How is contact tracing done?
There are many different ways in which contact tracing can be done. Practitioners should provide information and options to individual clients and guide discussions to identify the most appropriate way for them. While it is generally the responsibility of the clinician who ordered the test or who is managing the client to lead the process of contact tracing, assistance can be provided by other staff members. In particular, Aboriginal and Torres Strait Islander health staff often have valuable local knowledge that can assist with guiding how best to conduct contact tracing. Cooperation between various staff members can enable appropriate and effective contact tracing.
Patient referral refers to when the index case (patient) notifies their contacts either directly or indirectly. Patients may choose to inform their contact(s) directly in person, by phone, SMS, email or social media. Practitioners can assist this process by providing a proforma letter that can advise what STI or BBV the patient may have been in contact with, what tests and treatment should be offered and what services they can access. Many services have developed their own templates for letters (such as the template available on the Silver Book website).
Patients may also choose to notify their contact(s) indirectly through websites such as Let Them Know and Better to Know that can send an SMS or email anonymously.
Provider referral is when the provider (practitioner) notifies the contacts directly or indirectly. Both methods require discussion with the index case to provide information such as the name and phone number of the contacts. In some cases, it may be appropriate for the practitioner to recommend provider referral as the most appropriate way for contact tracing to be done. For example, if HIV, syphilis or resistant gonorrhoea is identified, if a contact is pregnant or if domestic violence is of concern, practitioners may need to seek assistance from their local PHU and inform the index case of the reasons for that approach.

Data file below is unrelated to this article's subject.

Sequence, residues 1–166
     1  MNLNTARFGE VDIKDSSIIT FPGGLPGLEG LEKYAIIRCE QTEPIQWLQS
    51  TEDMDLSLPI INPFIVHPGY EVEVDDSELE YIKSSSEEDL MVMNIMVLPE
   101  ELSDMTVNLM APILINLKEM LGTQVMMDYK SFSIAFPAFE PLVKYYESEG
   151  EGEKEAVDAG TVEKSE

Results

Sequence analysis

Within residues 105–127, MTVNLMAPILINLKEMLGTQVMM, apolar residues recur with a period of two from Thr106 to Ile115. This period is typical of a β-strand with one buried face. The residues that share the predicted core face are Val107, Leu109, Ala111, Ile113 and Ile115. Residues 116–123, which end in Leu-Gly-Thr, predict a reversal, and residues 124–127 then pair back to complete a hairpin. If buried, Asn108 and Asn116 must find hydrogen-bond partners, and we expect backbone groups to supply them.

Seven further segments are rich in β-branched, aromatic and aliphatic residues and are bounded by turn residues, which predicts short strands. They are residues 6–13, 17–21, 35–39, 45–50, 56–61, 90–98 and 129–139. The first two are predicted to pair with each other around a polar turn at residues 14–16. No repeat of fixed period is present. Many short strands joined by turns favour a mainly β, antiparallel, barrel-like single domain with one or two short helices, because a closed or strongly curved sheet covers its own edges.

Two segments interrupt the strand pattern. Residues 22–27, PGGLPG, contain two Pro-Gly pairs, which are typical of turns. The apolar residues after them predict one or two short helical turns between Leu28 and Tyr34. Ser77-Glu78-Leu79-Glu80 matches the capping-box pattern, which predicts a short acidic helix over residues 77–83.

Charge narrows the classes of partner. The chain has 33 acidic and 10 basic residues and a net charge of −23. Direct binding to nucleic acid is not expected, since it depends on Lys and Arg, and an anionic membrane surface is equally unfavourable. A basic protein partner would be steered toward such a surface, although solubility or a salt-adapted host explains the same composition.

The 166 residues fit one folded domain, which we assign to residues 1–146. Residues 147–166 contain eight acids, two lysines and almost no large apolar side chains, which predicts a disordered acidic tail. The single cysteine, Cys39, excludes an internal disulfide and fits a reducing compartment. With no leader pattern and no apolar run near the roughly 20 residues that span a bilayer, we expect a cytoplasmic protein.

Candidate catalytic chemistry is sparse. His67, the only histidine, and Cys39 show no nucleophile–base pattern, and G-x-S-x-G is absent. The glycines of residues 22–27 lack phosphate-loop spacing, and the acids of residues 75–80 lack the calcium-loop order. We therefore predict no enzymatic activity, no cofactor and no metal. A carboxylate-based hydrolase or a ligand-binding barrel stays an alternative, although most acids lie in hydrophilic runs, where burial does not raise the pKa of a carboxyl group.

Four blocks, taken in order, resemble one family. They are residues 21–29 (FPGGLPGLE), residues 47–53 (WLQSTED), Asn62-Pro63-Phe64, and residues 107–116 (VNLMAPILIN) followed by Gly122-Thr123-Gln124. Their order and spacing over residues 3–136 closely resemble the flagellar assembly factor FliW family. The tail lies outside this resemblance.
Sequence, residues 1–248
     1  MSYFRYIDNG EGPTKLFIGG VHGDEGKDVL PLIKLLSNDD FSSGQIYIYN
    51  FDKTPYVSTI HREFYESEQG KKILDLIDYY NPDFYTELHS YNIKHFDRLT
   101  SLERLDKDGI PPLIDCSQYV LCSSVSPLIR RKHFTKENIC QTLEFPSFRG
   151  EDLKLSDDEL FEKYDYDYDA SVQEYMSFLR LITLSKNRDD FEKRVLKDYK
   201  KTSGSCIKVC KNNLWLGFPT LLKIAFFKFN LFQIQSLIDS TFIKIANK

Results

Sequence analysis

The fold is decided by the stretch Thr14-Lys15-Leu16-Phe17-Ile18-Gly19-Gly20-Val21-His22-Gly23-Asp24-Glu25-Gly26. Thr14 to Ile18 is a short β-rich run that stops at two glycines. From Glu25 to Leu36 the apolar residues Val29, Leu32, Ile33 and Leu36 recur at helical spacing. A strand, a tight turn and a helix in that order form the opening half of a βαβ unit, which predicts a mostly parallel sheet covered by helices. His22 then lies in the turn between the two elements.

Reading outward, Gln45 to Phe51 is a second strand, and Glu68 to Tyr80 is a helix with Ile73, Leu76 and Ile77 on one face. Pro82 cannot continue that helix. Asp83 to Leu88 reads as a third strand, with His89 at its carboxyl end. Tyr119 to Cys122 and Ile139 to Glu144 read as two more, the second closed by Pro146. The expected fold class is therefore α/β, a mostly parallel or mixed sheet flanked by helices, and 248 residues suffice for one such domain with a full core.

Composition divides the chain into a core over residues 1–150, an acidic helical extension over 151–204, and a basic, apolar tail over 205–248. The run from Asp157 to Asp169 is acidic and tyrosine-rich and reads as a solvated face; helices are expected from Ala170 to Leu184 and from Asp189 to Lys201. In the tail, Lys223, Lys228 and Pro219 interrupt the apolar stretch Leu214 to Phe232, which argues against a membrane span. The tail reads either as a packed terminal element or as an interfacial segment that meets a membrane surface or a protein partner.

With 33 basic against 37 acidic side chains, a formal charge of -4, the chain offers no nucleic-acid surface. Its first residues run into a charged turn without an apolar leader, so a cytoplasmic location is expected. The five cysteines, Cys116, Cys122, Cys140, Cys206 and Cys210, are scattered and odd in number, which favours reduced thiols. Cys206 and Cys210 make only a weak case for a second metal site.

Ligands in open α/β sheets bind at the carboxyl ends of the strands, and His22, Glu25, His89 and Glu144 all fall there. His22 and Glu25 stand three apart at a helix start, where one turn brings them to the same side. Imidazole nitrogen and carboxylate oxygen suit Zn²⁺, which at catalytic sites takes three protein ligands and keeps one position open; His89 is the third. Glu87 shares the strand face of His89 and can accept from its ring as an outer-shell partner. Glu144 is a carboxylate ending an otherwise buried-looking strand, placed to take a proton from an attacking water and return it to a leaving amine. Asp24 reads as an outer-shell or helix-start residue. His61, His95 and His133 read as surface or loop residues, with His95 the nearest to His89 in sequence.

Patient-delivered partner therapy
There are many benefits for contacts to access health services beyond receiving treatment, including being provided with appropriate information, testing for other STIs and BBVs and assessment to determine if other contacts need to be treated. Despite this, it is not always straightforward and contacts may not be willing to attend health services for treatment. Patient-delivered partner therapy refers to providing medication or a prescription to the index case to give to their contact(s) in the event that other ways of treating contacts have failed. While this method of contact tracing is currently not permitted under Western Australian (WA) legislation, Victoria and the Northern Territory (NT) do allow this method for the follow-up of uncomplicated chlamydia infections only. Where it is allowed, it should not be used if index cases have been diagnosed with more than one STI or HIV, if a partner is pregnant or if there is a risk of domestic violence.
When to refer to PHUs or other agencies
Whichever method is chosen, health services and staff have a responsibility to ensure that contacting tracing is undertaken as an integral part of appropriate case management of people with STIs and BBVs. In most instances, it is the responsibility of the managing practitioner (who ordered the test or who is managing treatment or follow-up) who should discuss contact tracing with the index case and the manner in which it can be done. Health services should have clear guidelines regarding roles and responsibilities relating to contact tracing and may have specific staff who can assist with this process, either at the point of discussion with the index case or with the follow-up of contacts.